Notepad++ is a free and open-source code editor that replaces the default text editor on Windows. This simple text editor is considered one of the best network engineering tools for various reasons. First, Notepad++ can be used for editing configuration files, writing scripts, and programming. With features such as syntax highlighting, autocomplete, and search/replace, network engineers can make their lives easier. A network engineer can copy router configuration files or firewall rules and use the code editor to edit certain portions of the configuration file. They can also use it to write network automation scripts, compare configurations side-by-side, analyze log files, or troubleshoot network issues. Notepad++ is only supported by Windows.

7. PRTG Network Monitor (Network Monitoring)

PRTG Network Monitor (Network Monitoring)

PRTG Network Monitor is hands down, one of the most robust network engineering tools on the market. It allows you to monitor virtually anything on your network (running locally or remotely), including systems, devices, traffic, bandwidth, IoT, applications, etc. The tool supports various technologies such as Ping, SNMP, WMI, SSH, HTTP requests, and flow protocols such as IPFIX, jFlow, sFlow, and NetFlow (to name a few). PRTG comes with all the qualities of a monitoring solution, including network discovery, sensors, agent/agentless, maps/dashboards, reports, alerts, and more. PRTG Network Monitor is only supported by Windows.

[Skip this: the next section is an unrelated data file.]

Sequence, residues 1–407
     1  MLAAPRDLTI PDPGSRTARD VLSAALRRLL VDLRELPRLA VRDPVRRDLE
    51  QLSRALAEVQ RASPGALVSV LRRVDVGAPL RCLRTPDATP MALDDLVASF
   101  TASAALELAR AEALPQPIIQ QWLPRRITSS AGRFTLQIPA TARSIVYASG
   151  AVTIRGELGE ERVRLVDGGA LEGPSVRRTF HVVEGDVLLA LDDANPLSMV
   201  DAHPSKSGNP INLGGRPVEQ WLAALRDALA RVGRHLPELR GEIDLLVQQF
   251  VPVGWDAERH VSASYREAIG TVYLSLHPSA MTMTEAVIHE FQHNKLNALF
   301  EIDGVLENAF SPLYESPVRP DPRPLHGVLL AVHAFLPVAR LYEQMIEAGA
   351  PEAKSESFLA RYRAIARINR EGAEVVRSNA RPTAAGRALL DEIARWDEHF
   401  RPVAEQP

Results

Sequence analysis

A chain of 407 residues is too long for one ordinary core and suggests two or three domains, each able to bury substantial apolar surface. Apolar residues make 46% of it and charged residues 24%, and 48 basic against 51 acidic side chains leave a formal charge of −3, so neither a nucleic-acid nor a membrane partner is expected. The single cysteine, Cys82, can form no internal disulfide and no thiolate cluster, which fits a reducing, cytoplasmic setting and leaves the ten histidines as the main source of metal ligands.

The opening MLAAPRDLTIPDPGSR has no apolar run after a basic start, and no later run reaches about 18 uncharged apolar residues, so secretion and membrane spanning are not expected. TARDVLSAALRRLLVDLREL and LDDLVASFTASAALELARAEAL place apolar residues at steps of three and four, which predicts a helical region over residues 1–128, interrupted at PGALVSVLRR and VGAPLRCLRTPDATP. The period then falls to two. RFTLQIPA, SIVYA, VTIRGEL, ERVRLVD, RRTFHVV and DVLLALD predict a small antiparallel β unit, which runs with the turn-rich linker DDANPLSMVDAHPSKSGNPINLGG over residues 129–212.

8. iPerf/iPerf3 (Network Diagnostics)

iPerf/iPerf3 (Network Diagnostics)

Another helpful tool for network engineers is Iperf. You can use this free and open-source tool to measure the maximum achievable bandwidth and test and optimize network performance. Iperf works as a client and server, allowing you to create data streams to measure throughput between two endpoints in one or both directions. It supports TCP, UDP, and SCTP protocols. It will enable you to specify datagram size, report throughput, and packet loss (in UDP tests), measure bandwidth, report MTU size, and more in TCP and SCTP tests. iPerf3 is the new and advanced iPerf implementation, but it does not share code and is not backward compatible. Both tools are supported by Windows, Linux, Android, MacOS X, FreeBSD, OpenBSD, NetBSD, and more.

9. Python